Compensation for mis-sold FSAVCS during the period covered by the Financial Services Authority/Personal Investment Authority (FSA/PIA) review announced today will be exempt from tax under a new Extra Statutory Concession.

The concession will have immediate effect, and is attached as an Annex to this Press Release.


1. The FSA/PIA has today issued a policy statement which identifies a number of specified areas where the mis-selling of FSAVCS is likely to have occurred and which should be reviewed.

2. Compensation for mis-selling of the specified categories of FSAVCs covered by the review could, depending on the form in which it is paid, be liable to income tax or capital gains tax. The exemption from both these taxes provided by this concession will apply to compensation determined in accordance with the FSA Guidance for the performance of the review.

3. Compensation may, for example, be paid into an employer’s own AVC scheme along with reinstatement of the individual concerned into that scheme. Or it could be used to top up the mis-sold FSAVCS. Where either course is not possible, it may be paid direct to the individuals to whom the FSAVCS were mis-sold.

4. The tax exemption will apply only to lump sum compensation paid for the categories of FSAVCS specified in the FSA/PIA review which were mis-sold between 28 April 1988 and 15 August 1999. It will not apply to annuities (or other annual payments made to individuals) arising from compensation. (Annual payments are periodic payments of income which are capable of continuing for more than a year and which are not instalments of a capital sum.)


1. An FSAVCS is a tax approved retirement benefit scheme which is structured like a personal pension. But it is subject to the tax approval rules for occupational pensions and can accept contributions only from employees to top up the benefits provided for them by their employer’s pension scheme.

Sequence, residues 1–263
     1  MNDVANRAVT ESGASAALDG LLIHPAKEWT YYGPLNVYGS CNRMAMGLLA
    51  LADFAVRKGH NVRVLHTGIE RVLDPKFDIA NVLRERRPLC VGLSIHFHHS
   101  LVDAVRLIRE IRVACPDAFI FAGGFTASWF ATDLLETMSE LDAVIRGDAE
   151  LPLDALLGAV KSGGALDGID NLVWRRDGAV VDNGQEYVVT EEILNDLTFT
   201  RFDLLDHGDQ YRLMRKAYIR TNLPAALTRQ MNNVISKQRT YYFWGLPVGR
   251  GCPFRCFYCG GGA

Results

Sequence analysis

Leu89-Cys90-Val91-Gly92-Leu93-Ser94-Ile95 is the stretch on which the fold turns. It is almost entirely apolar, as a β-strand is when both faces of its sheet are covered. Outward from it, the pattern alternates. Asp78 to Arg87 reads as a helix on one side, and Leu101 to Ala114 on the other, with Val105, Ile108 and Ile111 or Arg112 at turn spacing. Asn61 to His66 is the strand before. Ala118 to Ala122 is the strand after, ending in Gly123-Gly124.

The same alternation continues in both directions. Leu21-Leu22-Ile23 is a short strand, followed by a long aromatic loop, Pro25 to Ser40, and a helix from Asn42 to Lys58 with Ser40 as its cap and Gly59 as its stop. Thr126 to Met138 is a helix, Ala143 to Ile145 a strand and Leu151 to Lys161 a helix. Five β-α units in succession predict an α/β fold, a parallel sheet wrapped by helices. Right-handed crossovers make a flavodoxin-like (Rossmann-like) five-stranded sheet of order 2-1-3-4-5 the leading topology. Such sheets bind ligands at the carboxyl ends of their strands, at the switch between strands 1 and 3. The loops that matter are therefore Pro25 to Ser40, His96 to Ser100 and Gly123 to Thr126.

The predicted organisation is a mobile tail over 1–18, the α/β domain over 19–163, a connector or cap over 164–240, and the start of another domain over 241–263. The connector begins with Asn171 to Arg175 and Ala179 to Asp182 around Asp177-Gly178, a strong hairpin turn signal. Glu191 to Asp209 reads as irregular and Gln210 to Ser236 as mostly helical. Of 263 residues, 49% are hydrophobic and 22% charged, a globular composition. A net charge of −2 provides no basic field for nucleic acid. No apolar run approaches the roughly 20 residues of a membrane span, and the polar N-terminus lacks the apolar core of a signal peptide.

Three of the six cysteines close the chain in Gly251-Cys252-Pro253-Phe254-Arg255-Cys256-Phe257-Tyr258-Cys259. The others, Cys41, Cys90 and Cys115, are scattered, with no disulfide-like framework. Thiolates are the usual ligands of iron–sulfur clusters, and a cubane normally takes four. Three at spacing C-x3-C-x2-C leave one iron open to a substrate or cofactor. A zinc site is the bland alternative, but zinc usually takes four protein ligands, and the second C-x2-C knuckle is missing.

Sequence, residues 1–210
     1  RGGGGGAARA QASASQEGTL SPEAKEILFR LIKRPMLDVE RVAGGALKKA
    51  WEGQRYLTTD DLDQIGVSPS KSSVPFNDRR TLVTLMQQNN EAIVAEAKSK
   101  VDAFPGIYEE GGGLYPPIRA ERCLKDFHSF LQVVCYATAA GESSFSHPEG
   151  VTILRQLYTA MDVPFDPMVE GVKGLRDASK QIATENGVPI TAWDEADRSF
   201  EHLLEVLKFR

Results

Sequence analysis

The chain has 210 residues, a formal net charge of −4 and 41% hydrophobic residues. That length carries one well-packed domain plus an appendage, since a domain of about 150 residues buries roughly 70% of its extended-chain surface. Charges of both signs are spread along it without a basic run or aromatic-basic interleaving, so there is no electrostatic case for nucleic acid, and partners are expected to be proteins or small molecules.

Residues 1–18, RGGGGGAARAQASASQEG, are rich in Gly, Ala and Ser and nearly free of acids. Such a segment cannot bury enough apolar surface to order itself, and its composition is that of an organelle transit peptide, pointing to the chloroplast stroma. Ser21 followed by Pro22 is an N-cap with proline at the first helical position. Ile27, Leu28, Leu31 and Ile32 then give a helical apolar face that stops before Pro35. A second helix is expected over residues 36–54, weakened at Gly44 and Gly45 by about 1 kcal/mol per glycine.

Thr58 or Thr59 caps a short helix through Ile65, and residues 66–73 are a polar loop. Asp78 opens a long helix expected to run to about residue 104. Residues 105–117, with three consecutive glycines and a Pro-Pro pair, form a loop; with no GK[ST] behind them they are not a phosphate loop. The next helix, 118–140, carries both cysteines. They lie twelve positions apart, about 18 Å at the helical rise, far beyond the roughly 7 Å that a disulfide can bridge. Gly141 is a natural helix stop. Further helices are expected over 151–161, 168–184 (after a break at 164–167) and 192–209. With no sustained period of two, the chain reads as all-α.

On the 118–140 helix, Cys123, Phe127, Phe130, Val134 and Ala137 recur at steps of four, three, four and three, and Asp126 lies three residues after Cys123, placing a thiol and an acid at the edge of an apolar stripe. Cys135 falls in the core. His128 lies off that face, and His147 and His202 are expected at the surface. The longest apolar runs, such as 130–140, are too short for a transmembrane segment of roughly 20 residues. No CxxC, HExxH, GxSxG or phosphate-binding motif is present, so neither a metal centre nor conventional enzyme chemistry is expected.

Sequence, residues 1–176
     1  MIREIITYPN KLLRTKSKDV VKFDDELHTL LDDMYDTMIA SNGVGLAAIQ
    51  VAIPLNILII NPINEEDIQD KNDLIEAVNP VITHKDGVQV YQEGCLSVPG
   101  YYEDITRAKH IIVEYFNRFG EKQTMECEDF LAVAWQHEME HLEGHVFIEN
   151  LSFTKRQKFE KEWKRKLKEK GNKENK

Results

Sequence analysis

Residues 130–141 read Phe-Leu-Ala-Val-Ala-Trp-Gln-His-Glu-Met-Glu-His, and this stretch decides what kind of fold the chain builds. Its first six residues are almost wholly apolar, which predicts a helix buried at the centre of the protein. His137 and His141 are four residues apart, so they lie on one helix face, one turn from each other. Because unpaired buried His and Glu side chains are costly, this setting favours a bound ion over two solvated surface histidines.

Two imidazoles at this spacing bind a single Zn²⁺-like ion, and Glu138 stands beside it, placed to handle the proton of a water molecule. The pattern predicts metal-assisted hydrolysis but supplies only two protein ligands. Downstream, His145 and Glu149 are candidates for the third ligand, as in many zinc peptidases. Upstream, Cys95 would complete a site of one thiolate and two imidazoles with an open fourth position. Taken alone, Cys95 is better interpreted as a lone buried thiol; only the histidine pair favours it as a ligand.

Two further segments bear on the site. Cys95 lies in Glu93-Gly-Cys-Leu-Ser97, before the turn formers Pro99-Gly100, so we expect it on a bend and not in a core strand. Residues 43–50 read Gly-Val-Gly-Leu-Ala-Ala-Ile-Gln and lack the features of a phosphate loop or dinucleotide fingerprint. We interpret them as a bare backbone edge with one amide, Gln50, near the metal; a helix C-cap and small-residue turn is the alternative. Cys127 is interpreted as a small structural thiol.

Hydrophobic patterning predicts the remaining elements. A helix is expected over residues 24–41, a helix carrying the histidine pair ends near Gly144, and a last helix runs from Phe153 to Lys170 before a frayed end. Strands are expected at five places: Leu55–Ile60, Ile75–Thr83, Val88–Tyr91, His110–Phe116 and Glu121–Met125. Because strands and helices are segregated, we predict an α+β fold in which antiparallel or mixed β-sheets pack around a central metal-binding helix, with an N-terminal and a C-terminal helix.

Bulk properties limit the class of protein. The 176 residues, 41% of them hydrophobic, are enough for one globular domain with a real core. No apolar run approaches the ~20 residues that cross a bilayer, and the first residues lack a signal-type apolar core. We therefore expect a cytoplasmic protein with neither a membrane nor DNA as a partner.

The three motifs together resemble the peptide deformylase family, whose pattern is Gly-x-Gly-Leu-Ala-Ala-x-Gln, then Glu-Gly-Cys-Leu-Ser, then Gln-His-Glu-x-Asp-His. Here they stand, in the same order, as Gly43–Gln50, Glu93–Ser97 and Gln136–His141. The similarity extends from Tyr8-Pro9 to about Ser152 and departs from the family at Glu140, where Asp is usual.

2. Tax approved pension schemes, whether occupational (including FSAVCS) or personal receive broadly similar tax treatment: relief for employers’ and employees’ contributions; tax free build up of investment income and capital gains within the scheme; taxation of pension in payment (except for a proportion which may be taken as a tax free lump sum).

3. The tax exemption announced today is consistent with that for personal pension mis-selling where section 148 of the 1996 Finance Act exempts from tax any “ sum by way of loss suffered..” and interest thereon.

4. An Extra Statutory Concession is a relaxation which gives taxpayers a reduction in tax liability to which they are not entitled under the strict letter of the law. Most concessions are made to deal with what are on the whole, minor or transitory anomalies under the legislation, and to meet cases of hardship at the margins of the code where a statutory remedy would be difficult to devise and would run to a length out of proportion to the intrinsic importance of the matter.

5. Inland Revenue Extra Statutory Concessions are of general application, but in a particular case there may be special circumstances which must be taken into account in considering the application of a concession. A concession will not be given in any case where an attempt is made to use it for tax avoidance.

6. Inland Revenue concessions are published in a free book let IR 1 available from any Inland Revenue Enquiry Centre or Tax Office. They are also available from the Inland Revenue Information Centre, South West Wing, Bush House, Strand, London WC2B 4RD. The concession published today will be included in a later edition of the booklet.



1. The Financial Services Authority/Personal Investment Authority (FSA/PIA) issued a Policy Statement on 28 February 2000 which required a review of specified categories of FSAVCS sold during the period beginning with 28 April 1988 and ending with 15 August 1999. Guidance for the performance of the review was issued by the FSA.

2. A payment within paragraph `3′ below which is made as a result of a review of an FSAVC covered by the FSA/PIA Policy Statement and FSA Guidance will not be chargeable to income tax. Nor will the receipt of such payment be regarded for the purposes of capital gains tax as the disposal of an asset.

3. (a) The payment is a capital sum by way of compensation which has been determined in accordance with the FSA Guidance for the performance of the review.
(b) The payment is interest on the whole or part of the capital sum described at `(a)’ for a period ending on or before the earliest date on which the capital sum was determined.

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